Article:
Victoria, the capital of British Columbia, has flowers and gardens wherever you look, mixed with many grand old buildings. It must have taken some determination to build your capital city on an island, then have to bring most everything over by ferry. Sure, it's a big island, but oy vey the work!
There's even a park in the downtown area where we saw a peacock and a totem pole. The totem pole is the world's largest freestanding example of the art at 128 feet tall.
Despite the cheap bus fare, we opted for one of the sightseeing tours - again riding on the top of the double decker bus.
The driver had plenty of stories to tell about the city; we went through Chinatown and then stopped at Craigdarroch Castle. Castle is a bit grandiose a term, but it's a beautiful building with a fascinating history. Built by the 19th century coal magnate Robert Dunsmuir, (sounds so much better than robber-baron, don't you think?) a Scottish immigrant who made his fortune with coal from Vancouver Island. He didn't get to enjoy it, however, as he died before it was completed. The story then descends to soap opera with inter-family warfare, drunkenness and lots of juicy scandal.
The building later became a military hospital for WWI veterans and later a college, eventually becoming the property of a historical society that runs the place now. A gorgeous piece of architecture.
The tour bus advertises that you can get on and off at will, so as dinner time approached the helpful driver told us about a good little pub; we hopped off and had a decent dinner. Returning to the bus stop we waited a while by this interesting lawn ornament:
We were to wait in vain, however; no bus came. Digging out the schedule, we found the driver had neglected to tell us he was driving the last bus of the day and we were stuck. Good thing we bought the all day pass on the city bus, the driver there was able to show us how to get back to the ferry terminal.
No hassles at the border in the way back, but they only had one booth open late at night and the wait was considerable. The lady at the booth wasn't interested in inspecting a damn thing; we showed our passports and were waved through.
We had intended to spend a few days with my cousin in Bellingham, but we only got to visit one night when some unforeseen circumstances cut our family visit short. We made the best of the situation and went on a picnic and explored the area. There is a very nice little park with some interesting artwork in the tunnel under the railroad tracks that leads to the shore. Another park yielded a waterfall and a trip to the harbor found us watching some very cute kids playing near the water.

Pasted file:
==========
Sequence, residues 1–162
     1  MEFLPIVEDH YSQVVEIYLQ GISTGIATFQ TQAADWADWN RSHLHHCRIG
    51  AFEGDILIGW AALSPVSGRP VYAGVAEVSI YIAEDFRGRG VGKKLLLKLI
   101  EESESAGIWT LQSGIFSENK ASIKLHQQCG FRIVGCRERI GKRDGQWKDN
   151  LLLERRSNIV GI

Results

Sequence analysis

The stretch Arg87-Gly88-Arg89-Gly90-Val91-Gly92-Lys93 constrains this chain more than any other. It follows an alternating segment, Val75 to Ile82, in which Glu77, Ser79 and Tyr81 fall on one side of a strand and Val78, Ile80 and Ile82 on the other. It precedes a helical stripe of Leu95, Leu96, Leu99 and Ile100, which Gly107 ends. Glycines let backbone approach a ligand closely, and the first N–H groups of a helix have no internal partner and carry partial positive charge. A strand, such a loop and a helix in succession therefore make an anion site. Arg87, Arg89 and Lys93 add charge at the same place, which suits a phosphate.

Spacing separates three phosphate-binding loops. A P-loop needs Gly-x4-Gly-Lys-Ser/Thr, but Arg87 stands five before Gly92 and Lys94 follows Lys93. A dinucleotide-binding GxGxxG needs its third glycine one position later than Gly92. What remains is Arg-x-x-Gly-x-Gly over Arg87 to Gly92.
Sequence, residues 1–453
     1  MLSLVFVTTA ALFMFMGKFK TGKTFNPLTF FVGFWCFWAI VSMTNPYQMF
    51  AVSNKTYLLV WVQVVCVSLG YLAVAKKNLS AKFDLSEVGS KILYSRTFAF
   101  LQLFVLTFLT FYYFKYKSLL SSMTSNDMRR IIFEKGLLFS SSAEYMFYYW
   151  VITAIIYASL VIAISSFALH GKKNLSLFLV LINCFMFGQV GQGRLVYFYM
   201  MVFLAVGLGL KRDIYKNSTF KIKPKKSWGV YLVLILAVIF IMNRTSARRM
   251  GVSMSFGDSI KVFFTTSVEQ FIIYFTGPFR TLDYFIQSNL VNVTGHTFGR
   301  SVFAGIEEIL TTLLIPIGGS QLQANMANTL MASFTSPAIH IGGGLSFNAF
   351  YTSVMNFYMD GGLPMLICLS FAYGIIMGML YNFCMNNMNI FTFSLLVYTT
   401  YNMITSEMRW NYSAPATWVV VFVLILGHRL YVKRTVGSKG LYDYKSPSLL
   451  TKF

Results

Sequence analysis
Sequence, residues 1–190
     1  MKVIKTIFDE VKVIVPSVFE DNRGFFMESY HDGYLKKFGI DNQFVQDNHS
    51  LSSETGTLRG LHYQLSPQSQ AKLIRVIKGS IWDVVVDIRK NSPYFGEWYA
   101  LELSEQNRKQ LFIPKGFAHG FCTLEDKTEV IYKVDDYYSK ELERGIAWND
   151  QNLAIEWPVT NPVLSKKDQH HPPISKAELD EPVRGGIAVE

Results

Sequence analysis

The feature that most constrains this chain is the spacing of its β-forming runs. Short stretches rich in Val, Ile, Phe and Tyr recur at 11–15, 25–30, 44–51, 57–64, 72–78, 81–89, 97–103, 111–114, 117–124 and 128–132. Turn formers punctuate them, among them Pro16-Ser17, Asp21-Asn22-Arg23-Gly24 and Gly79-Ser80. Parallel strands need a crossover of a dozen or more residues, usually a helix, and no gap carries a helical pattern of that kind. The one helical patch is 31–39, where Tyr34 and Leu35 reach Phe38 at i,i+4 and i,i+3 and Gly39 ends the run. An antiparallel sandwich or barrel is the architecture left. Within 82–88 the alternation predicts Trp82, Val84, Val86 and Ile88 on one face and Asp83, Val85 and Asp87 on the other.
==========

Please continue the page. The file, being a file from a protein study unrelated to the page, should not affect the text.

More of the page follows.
While we were in Bellingham the computer on the truck told us it was time to change the fuel filter. Not a big deal, we went to an instant oil change place and had the work done. Took an hour or so and we were done.
Or so we thought.
We hitched up the RV and headed out of town, but as soon as we hit the first hill the check engine light came on and the truck slowed down appreciably. Joy and rapture! I pulled over and got out my diagnostic tester which told me there was low fuel pressure. Not too hard to find the cause, so we turned around and stopped in the local Costco parking lot to unhitch the trailer - no way it was going to fit through the oil change bays. As you can see, we pulled up right next to another Keystone Montana in the lot. You can't make these things up - really.
They fiddled and diddled and thought they had the problem solved so we hitched up again and once again headed south. This time we made it about 20 miles before the stinking light came on, so we turned around once more. Being a Sunday, the guys at the oil change place that were a little more experienced had the day off; we had to wait until Monday to have them fix the problem.
Naturally, the RV park didn't have any room, so we ended up spending the night in the old Costco parking lot (the one nobody has taken over since they built the new store) along with another camper and an 18 wheeler. We did fine with the generator running and a good Chinese Buffet within walking distance of our impromptu campsite.
The next morning we were on our way with yet another new fuel filter and no further problems with the truck.
Or so we thought - I'll tell you about crossing North Dakota in the next blog.